After the commercial failure of Mad Dog Morgan, Mora made several other attempts to mount films locally, including a science fiction story The Black Hole (Disney later used this title, but there is no connection). Mora also says he interested art critric Robert Hughes in writing another adaptation of For the Term of His Natural Life, but couldn't raise any interest in another re-make of the story, and instead Hughes went on to write The Fatal Shore. Mora also hoped to make Newsfront, which was directed by Phillip Noyce in 1978.

During the 10BA days, Mora made a number of flawed feature films locally - in 1982 The Return of Captain Invincible, followed by Death of a Soldier, and a cult item which did little for his future career,  Howling 111 The Marsupials - but it did signal that Mora would then do most of his B-grade pulp work in the United States. Few of his later films matched the crazed, if slightly incoherent and confused intensity of his first dramatic feature.

6. Indigenous Issues and Music:

The use of the didgeridoo, which has regional significance, caused some controversy, with Sydney Morning Herald critic Helen Frizell awarding the film the Order of the Didgeridoo on 13th July 1976:

After seeing Mad Dog Morgan at the Sydney Film Festival (I was asked not to review it until the time of its commercial release), I said it deserved the Order of the Didgeridoo. Explanation of this comes now.

The film introduces a part-Aboriginal, Billy (David Gulpilil), who becomes Morgan's companion. In their hide-outs around the Riverina, Billy teaches bush survival techniques to Morgan, and plays a few tunes on the didgeridoo as well. The sound is magnificent - but it would never have been heard in those regions.

Draw a straight line across Australia from Broome (WA) to Ingham (Queensland). Only north of that line did the didgeridoo sound. Thus, the playing of the didgeridoo in the Riverina is ludicrous.

This wasn't a major concern for Mora - a bigger concern for him and for Gulpilil was that some of the dances and songs performed by him for the film were tribal and were not meant to be heard by outsiders (the same issue that Gulpilil faced in Walkabout).

Mora thought that the works offered the film a "fantastic authenticity", part of the same brief he gave composer Patrick Flynn to use the authentic music of the time.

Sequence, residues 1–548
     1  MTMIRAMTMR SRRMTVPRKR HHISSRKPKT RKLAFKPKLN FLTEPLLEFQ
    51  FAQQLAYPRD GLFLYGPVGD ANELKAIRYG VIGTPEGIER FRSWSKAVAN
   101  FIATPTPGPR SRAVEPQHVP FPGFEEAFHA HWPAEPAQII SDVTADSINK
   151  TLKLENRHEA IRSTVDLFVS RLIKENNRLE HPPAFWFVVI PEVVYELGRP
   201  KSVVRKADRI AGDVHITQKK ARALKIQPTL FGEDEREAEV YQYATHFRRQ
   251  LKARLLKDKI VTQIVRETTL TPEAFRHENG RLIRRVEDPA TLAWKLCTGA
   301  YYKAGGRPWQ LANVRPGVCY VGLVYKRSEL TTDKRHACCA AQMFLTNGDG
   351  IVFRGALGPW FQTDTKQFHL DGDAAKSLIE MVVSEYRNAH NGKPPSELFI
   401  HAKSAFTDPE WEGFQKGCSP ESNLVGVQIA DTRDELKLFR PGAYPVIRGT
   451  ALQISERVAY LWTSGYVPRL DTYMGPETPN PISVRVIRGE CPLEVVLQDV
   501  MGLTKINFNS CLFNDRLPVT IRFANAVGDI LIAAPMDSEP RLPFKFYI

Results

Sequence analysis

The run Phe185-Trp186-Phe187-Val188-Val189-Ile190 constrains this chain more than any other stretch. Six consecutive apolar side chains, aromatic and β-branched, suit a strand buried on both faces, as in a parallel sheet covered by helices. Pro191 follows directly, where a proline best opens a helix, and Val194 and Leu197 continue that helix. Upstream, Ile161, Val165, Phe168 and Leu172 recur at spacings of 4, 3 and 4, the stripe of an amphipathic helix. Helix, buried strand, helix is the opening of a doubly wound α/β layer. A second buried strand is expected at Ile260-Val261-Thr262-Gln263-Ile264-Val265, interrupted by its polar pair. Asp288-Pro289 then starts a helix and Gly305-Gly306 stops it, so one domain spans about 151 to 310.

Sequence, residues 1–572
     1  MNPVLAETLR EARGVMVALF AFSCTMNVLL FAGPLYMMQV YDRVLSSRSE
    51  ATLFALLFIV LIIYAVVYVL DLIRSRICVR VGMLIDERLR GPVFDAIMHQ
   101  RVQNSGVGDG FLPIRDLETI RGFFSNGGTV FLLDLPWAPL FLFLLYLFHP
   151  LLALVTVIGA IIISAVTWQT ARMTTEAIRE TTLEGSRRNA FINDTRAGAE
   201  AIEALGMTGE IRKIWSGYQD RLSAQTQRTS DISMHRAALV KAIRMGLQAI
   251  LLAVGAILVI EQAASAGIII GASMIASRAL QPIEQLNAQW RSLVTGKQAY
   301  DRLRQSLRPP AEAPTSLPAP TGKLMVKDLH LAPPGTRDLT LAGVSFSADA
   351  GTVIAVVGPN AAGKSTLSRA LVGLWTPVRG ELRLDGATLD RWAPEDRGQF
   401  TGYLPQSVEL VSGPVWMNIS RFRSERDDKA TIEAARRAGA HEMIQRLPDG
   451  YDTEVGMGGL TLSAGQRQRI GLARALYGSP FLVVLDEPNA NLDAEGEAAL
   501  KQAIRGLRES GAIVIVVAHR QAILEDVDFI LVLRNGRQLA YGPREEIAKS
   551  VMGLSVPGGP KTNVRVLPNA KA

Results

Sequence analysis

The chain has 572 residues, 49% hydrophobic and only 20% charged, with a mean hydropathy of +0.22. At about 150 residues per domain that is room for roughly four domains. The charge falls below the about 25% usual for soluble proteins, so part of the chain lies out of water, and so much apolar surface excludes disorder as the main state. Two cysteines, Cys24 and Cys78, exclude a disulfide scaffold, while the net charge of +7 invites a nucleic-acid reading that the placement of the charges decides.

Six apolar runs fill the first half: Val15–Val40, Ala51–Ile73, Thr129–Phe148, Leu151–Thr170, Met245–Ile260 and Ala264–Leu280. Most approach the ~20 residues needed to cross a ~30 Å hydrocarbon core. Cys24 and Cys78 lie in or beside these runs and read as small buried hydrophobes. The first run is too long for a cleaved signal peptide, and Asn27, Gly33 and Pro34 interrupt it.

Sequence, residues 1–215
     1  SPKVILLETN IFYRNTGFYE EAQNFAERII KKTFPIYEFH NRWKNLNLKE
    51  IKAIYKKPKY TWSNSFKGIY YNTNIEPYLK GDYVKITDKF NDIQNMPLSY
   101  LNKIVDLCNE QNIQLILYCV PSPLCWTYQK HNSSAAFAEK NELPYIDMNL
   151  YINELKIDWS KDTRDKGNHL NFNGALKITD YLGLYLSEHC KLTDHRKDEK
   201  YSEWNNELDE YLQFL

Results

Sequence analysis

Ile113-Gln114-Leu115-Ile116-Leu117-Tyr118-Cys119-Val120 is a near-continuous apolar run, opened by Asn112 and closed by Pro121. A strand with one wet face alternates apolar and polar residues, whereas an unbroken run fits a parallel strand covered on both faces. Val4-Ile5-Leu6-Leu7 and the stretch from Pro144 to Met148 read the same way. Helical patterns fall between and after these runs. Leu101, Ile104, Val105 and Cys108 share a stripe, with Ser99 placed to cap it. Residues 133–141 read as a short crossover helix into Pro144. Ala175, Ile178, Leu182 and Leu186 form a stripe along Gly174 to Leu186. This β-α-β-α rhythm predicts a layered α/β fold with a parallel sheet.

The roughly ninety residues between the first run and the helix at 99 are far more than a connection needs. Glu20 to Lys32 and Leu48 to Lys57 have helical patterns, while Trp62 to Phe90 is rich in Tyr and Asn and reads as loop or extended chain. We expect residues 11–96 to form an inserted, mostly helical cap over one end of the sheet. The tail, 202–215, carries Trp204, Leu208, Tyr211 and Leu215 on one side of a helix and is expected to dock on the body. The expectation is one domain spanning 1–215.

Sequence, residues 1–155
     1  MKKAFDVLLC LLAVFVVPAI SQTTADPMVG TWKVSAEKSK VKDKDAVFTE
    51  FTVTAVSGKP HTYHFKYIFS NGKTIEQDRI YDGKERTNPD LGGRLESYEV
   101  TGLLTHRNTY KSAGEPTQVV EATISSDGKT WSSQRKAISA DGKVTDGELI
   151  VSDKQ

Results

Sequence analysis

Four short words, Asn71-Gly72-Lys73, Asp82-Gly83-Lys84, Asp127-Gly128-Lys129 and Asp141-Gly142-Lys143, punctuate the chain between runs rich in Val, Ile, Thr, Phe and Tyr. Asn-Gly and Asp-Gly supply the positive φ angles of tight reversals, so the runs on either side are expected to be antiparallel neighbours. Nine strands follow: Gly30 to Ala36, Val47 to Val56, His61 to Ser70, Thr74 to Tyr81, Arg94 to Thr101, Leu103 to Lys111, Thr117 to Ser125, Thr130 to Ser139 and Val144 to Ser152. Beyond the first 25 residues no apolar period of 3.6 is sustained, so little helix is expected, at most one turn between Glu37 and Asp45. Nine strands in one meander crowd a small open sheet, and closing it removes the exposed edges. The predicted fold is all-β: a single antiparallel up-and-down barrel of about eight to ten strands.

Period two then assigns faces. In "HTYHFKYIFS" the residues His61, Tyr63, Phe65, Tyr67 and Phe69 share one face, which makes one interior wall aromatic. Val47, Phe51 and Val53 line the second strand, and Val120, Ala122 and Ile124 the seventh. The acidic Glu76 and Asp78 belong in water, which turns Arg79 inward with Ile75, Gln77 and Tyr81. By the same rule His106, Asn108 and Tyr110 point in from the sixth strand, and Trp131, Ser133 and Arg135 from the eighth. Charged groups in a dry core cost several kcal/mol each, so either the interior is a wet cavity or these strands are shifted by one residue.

Flynn used Irish colonial and bush music, and Mora thought the combination of classical music and didgeridoo served to illustrate the conflict between the so-called primitive and the so-called civilised, though he suggested it was hard to say who was primitive and who was civilised.

Mora's vote was for proposing that the authorities' Darwinian, faux scientific, eugenics-driven mutilation of Morgan was in fact far less civilised and probably much more dangerous than the bushranger himself.

7. Copyright notice:

The end titles of the film contained an unfortunate error, with the Roman numerals used in the copyright notice giving the nonsensical date of MCMDXXVI, with D for 500 used instead of L for 50.

Some translate this as meaning the copyright year is 2426, but properly that should be MMCDXXVI.

What was intended was MCMLXXVI, or 1976. In any case, the copyright notice was meaningless and after the film's failure in the marketplace, like so many other government-funded films in the early revival, the film drifted into an ownership netherworld, without any active ongoing marketing or assertion of the rights.

As a result, the film was treated as public domain in the United States, with many poor editions derived from sources many steps removed from the original negative circulating in the marketplace.

8. Locations:

The production report in Cinema Papers, June-July 1976, provides the following details of the shoot (in the original there is a photograph for each day):

Day 1: Monday, October 27, 1975, bush near Holbrook NSW, weather fine, 22 set ups

Day 2: Tuesday, October 28, granite outcrops near Walla Walla, fine, 18 set ups.

Day 3: Wednesday, October 29, abandoned bluestone quarry near Culcairn, fine, 27 set ups.

Day 4: Thursday, October 30, Benambra State Forest, NSW, rain and sun, 19 set ups.

Day 5: Friday, October 31, Benambra State Forest, NSW, rain and sun, 19 set ups.

Day 6: Saturday, November 1, Brae Springs Staton near Walla Walla, NSW, fine, 14 set ups (this location involved 4-wheel drives moving for three miles across rocky outcrops to a saddle of solid granite which commanded a breath-taking view of the valley below. Shooting was delayed by intermittent cloud cover).